January 17, 1944
Well, Mom, Xmas was spent quietly here behind the lines. The Padre managed to buy enough turkeys and chickens for a hearty Xmas dinner, so we fared quite well. The weather about that time was our chief enemy and much rain fell. During Xmas week, we had a heavy fall of snow and the cold was enough to keep us on the move. Our tents weren’t designed for winter use but, with the aid of a small improvised stove, we managed to keep quite warm. You would have laughed to see the contrivance. The body of the stove consisted of an empty four-gallon petrol tin. The chimney was quite a masterpiece of army ingenuity. This consisted of many “Bully Beef” tins telescoped one inside the other. The whole business looked very much like a “Doo-Dad” affair and, I must say, saved the day. For the last week, the weather has been nice and warm. The nights are still brittle and the sky is blue and stars bright, so one doesn’t mind so much.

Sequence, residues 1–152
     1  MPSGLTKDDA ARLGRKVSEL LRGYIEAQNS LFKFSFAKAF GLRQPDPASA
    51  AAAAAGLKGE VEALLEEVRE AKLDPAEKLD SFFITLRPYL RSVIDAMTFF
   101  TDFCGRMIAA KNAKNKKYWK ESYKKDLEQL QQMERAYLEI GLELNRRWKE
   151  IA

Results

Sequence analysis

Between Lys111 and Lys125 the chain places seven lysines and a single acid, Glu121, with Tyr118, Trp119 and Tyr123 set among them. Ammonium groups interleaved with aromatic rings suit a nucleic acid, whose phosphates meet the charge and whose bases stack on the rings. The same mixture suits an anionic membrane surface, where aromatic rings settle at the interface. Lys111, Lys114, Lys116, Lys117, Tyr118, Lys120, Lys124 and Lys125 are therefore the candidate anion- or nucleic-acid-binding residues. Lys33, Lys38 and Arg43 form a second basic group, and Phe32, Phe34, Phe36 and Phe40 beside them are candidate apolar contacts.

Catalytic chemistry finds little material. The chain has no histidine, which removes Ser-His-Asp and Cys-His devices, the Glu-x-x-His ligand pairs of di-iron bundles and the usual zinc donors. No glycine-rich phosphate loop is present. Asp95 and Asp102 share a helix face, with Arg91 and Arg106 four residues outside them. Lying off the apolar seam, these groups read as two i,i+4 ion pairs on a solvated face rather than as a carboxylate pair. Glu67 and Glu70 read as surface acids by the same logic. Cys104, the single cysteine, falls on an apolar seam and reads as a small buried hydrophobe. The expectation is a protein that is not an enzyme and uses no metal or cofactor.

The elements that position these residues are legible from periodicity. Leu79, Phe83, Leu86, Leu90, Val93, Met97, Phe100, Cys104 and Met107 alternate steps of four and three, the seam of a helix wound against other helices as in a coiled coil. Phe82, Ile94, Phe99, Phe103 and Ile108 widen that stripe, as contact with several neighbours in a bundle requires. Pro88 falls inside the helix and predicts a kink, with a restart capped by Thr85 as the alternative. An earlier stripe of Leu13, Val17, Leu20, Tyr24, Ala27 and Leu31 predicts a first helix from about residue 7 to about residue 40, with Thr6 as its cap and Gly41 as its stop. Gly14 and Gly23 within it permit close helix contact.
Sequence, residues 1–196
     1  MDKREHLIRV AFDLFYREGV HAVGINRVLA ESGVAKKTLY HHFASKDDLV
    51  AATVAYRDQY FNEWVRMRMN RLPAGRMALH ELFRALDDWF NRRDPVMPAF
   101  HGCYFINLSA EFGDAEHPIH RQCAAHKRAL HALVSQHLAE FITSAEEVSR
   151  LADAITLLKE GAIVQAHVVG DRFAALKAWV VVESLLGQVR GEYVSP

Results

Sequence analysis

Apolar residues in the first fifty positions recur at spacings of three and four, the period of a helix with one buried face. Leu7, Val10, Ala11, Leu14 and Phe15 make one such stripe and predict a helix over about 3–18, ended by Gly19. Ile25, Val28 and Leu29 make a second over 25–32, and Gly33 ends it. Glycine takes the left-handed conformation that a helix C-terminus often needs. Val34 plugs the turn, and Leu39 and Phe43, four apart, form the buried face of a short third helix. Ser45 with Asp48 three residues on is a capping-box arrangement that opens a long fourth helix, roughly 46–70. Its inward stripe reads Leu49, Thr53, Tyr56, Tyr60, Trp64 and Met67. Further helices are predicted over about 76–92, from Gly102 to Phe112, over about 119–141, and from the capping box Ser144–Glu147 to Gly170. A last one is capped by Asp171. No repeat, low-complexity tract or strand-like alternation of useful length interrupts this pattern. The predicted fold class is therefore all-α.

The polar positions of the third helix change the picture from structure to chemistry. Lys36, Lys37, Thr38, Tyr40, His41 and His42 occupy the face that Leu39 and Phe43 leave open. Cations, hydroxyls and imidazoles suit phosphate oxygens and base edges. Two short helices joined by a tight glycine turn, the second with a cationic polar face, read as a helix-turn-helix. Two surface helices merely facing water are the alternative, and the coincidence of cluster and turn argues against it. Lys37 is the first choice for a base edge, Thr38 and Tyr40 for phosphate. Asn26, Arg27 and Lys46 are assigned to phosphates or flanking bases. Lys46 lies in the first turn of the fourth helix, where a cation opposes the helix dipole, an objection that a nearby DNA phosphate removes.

My gun Sgt. is away at the moment and I have had complete charge of the gun and crew for the past ten days. During this time, I have conducted several “shoots” and have been complimented by the officers for a good show. Perhaps Dad will have his wish sooner than he expects, so will be able to address my letters “Sgt.” -----
How is Dad in his new job? Dad should enter politics as I think he would make a darn good representative, and the work shouldn’t be too hard. -----